The script of this dark comedy of manners is clever enough here and there to earn a lot of laughs like that, and deep enough there and here to suggest, rather than dissect, the source of Bertie's stammer. For instance, one character towards the end of the film makes an implied analogy between shell-shocked World War I veterans and emotionally wounded children of overbearing fathers. In a movie about Americans, this would be the cause of much scene-chewing and a possible fistfight. In a movie about British royalty, it is politely ignored. In that sense, this is also a movie about the British character, and you find out all you need to know about that particular subject the moment the outgoing Prime Minister privately refers to Hitler as “Herr Hitler,” like a New York Times writer obeying his paper’s decree that all last names not on the Sports page, even those of mass murderers, must always have a respectful prefix. And when such (decorum? good manners? hidebound traditionalism?) is the norm, any deviation from it is magnified tenfold. When brother David mocks Bertie's stutter, it's vicous, cruel, and shameful. When Bertie loses his temper, it's almost embarrassing. When David breaks down and cries, it is embarrassing. (Actually, both brothers have a scene where they break down under the stress of the public role they are being asked to play; David’s is public and ludicrous, Bertie’s is private and heartbreaking.)

And y'know, now that I think about it? The entire structure of the movie is designed to build up repressed tension and then release it (as politely as possible) once every fifteen minutes or so, like a monster showing up in a horror movie, or a dance number in a Fred and Ginger film. And it works, thanks in no small part to the acting. The back and forth between Rush and Firth creates one of those wholes which is greater than the sum of its parts. It’s also a distinct pleasure to see Helena Bonham-Carter rein in the batty and (I can’t believe I’m actually typing these words about her) act as the voice of reason. Eve Best channels her inner Bebe Neuwirth as Wallace Simpson. Michael Gambon's George V is a suitably tyrannical ogre. Timothy Spall plays Alfred Hitchcock playing Winston Churchill. And Guy Pearce's David nearly steals the movie; he's such a besotted git that you want to slap him. (Watching Pearce, I kept thinking that someone should cast him as the Duke of Windsor in Timothy Findley’s Famous Last Words, one of the best fictional examinations of the curious passion that British and German fascists had for each other.) (It also delivers one of the cleverest solutions to the Harry Oakes murder mystery.)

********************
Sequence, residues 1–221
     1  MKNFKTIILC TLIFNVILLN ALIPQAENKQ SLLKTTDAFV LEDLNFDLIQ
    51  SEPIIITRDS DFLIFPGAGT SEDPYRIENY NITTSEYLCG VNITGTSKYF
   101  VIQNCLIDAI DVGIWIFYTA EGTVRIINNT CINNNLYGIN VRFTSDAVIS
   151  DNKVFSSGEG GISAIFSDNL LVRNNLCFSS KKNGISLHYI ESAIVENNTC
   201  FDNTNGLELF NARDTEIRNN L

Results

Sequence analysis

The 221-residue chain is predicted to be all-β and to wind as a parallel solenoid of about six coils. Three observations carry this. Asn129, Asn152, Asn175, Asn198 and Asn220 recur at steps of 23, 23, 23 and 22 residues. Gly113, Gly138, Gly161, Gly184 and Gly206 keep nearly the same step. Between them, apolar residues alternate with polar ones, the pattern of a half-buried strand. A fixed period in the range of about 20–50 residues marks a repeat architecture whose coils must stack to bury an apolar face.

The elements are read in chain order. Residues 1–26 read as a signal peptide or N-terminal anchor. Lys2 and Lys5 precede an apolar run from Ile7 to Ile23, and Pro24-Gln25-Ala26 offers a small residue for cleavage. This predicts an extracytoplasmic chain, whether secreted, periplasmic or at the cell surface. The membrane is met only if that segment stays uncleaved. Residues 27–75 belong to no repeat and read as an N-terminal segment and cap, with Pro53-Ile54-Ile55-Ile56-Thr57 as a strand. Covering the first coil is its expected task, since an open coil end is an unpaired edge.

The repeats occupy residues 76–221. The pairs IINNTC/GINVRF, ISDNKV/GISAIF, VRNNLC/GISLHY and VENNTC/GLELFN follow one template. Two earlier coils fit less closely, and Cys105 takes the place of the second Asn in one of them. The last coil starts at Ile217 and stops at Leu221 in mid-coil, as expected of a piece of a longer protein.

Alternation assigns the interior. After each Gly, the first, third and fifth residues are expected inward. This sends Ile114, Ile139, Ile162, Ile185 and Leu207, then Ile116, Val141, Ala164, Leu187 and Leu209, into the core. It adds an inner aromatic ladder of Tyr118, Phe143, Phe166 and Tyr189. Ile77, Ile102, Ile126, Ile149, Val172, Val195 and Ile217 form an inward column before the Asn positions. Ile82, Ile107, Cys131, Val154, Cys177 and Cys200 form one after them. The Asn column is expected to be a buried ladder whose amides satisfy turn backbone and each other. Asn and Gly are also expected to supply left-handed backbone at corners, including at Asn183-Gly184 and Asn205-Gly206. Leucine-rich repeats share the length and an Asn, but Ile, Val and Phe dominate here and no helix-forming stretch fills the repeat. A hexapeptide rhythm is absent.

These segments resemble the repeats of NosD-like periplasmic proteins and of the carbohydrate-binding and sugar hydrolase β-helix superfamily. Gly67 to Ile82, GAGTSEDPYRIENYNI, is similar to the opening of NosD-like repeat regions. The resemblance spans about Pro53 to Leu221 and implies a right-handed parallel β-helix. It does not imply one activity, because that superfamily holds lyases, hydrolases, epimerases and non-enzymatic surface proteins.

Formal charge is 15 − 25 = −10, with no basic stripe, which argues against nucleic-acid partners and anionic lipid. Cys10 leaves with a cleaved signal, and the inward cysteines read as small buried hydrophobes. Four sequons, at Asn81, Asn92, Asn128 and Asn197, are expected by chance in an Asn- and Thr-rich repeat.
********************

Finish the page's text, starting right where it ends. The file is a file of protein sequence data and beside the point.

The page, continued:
So, yes, an interesting and engrossing movie which implies depths it does not deign to sound, and treats its audience as intelligently as possible until (alas) the climax, when the final speech of the title (it is a pun, after all) is not only delivered over, but exquisitely timed to, the second movement of Beethoven’s 7th Symphony. This is outrageously manipulative. It's the Masterpiece Theatre version of that endless rock and roll medley during the Viet Nam scenes of Forrest Gump. And what made it even worse for me? It totally worked. So all I can say is, if you watch that scene and you don’t get a lump in your throat, or then find yourself laughing and crying at the same time when Firth gives a classic self-deprecating remark at the speech’s end, then, well, you’re probably British.